We are creating a unified UKRI website that brings together the existing research council, Innovate UK and Research England websites.
If you would like to be involved in its development let us know.

Site search
Back to blog

Profile: Wiebke Arlt

by Guest Author on 26 Nov 2012

Wiebke Arlt

Wiebke Arlt

University of Birmingham researcher Wiebke Arlt received many bouquets of flowers for establishing that male hormones affect women’s libidos. Now she’s developing a urine test for adrenal cancer, as she told Sarah Harrop in the fourth of a series of profiles taken from our Annual Review 2011/12.

Cancer of the adrenal glands is hard to detect because the glands are hidden deep inside the body and the disease can be symptomless in its early stages — so new diagnostic tests are urgently needed.

In 2011, with MRC funding, Professor Wiebke Arlt developed the first urine test for adrenal cancer which could replace expensive CT scans and avoid the need for surgery in suspected cases that turn out to be benign. Wiebke is fascinated by hormones — in fact she’s built her career around studying them.

Early on in her career, as a young doctor in Germany, she was the first to establish that male hormones (androgens) affect libido and feelings of wellbeing in women. During a trial to restore these hormones in women with androgen deficiency she began to receive thank-you gifts of flowers and wine from their husbands, which she says “was an early sign of what was going on”.

She’s been hooked on endocrinology (hormone research) ever since and today she is head of the Centre for Endocrinology, Diabetes and Metabolism at the University of Birmingham. One of her particular interests is a group of hormones called steroids, which are made by the adrenal glands that sit just above our kidneys.

It was while studying rare conditions caused by under- or over-production of steroid hormones that Wiebke came up with the idea of using a technique called gas chromatography/mass spectrometry (GC/MS) to measure the individual steroid hormones in the body.

Wiebke realised that this technique might also be useful for diagnosing cancer of the adrenal glands, because she had a hunch that adrenal cancer cells might lose the ability to produce normal levels of steroid hormones. She wanted to see if it was possible to distinguish adrenal cancer patients from healthy people by measuring the products of hormones broken down by the body and excreted in urine.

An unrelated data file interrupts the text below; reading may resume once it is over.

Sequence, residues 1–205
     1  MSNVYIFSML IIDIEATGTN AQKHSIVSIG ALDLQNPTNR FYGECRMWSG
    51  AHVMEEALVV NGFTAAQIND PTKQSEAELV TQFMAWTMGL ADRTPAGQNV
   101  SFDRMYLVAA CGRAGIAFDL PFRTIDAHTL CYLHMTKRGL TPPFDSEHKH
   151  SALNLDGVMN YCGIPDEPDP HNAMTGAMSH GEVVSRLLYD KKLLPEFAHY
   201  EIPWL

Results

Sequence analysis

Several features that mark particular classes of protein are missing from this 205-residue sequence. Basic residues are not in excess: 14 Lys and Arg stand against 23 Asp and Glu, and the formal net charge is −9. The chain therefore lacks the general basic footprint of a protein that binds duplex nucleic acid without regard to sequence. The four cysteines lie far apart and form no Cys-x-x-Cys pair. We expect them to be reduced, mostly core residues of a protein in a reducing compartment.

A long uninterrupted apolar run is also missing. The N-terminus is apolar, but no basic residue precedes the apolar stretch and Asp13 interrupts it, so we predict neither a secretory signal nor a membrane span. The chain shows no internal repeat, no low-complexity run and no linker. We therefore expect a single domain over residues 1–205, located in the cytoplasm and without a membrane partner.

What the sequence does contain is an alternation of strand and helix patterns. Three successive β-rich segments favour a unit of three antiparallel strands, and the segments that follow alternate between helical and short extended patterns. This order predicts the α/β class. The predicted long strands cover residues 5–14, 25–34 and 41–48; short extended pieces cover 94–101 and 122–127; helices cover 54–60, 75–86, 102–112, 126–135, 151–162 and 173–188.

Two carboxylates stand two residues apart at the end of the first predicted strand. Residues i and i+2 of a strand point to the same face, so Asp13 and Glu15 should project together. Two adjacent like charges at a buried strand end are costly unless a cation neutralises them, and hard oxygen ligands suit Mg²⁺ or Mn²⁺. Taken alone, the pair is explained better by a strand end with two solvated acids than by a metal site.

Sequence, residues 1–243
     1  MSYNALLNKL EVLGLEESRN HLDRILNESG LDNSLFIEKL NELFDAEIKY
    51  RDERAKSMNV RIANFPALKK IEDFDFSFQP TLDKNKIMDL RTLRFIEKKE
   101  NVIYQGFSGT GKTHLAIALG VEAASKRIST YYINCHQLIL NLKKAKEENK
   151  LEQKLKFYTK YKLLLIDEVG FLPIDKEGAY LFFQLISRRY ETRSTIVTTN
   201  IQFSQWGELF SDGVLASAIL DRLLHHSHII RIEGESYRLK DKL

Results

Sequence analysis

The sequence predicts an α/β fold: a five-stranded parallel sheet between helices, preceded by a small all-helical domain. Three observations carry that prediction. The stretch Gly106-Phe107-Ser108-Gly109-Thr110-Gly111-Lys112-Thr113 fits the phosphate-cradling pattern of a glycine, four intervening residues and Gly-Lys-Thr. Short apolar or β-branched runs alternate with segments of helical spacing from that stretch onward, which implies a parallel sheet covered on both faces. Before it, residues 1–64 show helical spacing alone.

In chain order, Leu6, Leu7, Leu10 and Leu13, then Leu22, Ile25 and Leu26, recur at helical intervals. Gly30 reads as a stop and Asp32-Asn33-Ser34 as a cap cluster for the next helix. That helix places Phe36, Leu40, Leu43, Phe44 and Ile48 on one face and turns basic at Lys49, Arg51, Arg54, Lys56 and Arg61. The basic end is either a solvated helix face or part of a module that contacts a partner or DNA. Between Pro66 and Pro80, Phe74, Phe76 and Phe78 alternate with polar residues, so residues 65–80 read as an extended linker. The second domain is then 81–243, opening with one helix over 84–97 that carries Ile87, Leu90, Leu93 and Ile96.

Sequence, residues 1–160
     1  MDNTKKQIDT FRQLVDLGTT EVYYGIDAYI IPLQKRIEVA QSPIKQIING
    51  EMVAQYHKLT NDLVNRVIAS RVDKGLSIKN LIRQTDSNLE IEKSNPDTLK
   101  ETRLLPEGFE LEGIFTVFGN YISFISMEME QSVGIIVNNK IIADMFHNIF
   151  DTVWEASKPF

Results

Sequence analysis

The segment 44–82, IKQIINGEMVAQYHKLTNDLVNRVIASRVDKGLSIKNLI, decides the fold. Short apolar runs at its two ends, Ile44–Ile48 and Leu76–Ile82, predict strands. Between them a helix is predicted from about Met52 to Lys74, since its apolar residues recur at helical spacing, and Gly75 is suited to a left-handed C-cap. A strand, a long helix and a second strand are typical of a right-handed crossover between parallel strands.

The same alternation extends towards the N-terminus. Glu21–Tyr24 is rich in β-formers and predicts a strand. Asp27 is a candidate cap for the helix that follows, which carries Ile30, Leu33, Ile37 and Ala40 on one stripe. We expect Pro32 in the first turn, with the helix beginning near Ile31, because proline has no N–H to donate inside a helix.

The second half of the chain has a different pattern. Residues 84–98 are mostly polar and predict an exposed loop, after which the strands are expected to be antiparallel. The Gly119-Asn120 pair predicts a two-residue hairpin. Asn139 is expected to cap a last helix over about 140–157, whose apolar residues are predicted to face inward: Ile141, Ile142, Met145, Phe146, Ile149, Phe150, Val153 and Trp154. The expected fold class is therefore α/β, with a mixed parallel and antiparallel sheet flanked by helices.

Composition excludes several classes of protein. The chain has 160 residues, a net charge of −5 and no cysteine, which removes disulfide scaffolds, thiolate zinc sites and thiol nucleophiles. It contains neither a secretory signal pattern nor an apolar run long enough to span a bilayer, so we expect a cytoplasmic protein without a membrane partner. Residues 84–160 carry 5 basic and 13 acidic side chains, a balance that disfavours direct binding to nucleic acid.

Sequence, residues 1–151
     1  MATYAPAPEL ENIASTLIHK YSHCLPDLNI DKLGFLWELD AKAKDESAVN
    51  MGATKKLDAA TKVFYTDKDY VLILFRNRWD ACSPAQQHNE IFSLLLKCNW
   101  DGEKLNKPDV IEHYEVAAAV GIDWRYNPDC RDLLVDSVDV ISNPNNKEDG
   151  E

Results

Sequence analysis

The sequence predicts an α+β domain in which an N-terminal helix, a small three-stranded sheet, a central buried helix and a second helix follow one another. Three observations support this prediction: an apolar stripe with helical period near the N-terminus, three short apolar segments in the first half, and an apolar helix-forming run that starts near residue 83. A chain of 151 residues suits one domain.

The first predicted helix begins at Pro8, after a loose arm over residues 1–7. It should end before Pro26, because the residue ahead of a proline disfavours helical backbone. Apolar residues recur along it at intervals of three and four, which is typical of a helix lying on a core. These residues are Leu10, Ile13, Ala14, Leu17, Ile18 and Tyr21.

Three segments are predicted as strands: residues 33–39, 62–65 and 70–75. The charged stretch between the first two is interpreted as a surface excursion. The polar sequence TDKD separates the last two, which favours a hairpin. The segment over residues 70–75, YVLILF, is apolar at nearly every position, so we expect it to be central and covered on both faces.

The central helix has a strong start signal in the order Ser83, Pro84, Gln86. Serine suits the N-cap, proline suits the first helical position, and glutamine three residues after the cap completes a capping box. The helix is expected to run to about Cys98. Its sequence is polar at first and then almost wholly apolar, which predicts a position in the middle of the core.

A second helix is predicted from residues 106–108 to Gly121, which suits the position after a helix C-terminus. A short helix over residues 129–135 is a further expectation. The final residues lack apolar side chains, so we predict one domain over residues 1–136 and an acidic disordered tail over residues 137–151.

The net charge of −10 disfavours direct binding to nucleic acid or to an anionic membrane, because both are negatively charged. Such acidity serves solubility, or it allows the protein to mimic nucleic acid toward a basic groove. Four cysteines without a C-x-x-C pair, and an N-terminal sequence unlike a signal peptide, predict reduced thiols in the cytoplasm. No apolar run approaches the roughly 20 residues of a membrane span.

“In the UK a lot of imaging is done for people who complain of non-specific tummy pain, and during these procedures we often discover nodules on the adrenal glands. In a small number of cases a nodule can turn out to be cancer and needs to be taken out. But diagnosis takes multiple tests and CT scans, and that can mean huge costs,” explains Wiebke.

“Also, up to 60 per cent of surgical removals of large adrenal nodules end up revealing that the nodule is benign. So in the vast majority of these cases, a urine test would completely avoid the need for expensive surgery and the associated risks to the patient,” she adds.

With MRC funding, Wiebke and her colleagues carried out a trial of 45 patients who were known to have adrenal cancer that had spread and compared them with 100 patients who had adrenal tumours that turned out to be benign nodules.

“We ran GC/MS tests on their urine collected over 24 hours and analysed the results. This revealed that there is a specific ‘steroid fingerprint’ for adrenal cancer in the urine of some of the molecules that go on to become a steroid hormone, and these so-called precursors are not detectable in the blood.

This work, funded with a biomarker grant from the MRC, has shown that the test detects the malignancy with 90 per cent sensitivity and specificity.”

This discovery will have a huge impact for patients and for the NHS because it offers the possibility of replacing expensive scans with a quick, simple urine test.

A big research study is about to start to see whether the test can be transferred to a faster type of technology called high throughput LC/MS, which could rapidly analyse urine for up to 10 steroids in less than five minutes.

“In theory, the patient could just bring the urine to the clinic and in the afternoon we would already know whether the fingerprint for malignancy is in their urine or not,” explains Wiebke. “This would also avoid the need for expensive top-to-toe CT scans to check for cancer recurrence in patients who’ve had an adrenal cancer removed, as the urine test may prove to be more sensitive than imaging. Our team are currently studying whether this is the case.”

Together with diagnostics company Bioscience Ventures, Wiebke and her team are carrying out a prospective study of the test and hope to launch it as a diagnostic product in 2013.

“The MRC biomarker grant funding was critical to the translation of my ideas to clinical application because it funded a biochemist, a mass spectrometrist who did the analysis and a computer science postdoctoral researcher who did the computational analysis. So it was absolutely key to the development of the test,” says Wiebke.

“For me, the highlight of my work is to combine clinical practice with discovery research and translational research that has lab aspects and clinical aspects to it. It’s incredibly satisfying because you can see something through from the start to the finish, such as with the adrenal tumour test, and hopefully end up helping more patients than you could ever hope to treat in your career.”

Wiebke was also featured in ‘What’s in a work space?’ in September.


No comments have been posted

Leave a reply

You may use basic HTML in your comments. Your email address will not be published.

This site uses Akismet to reduce spam. Learn how your comment data is processed.


From category

Share this: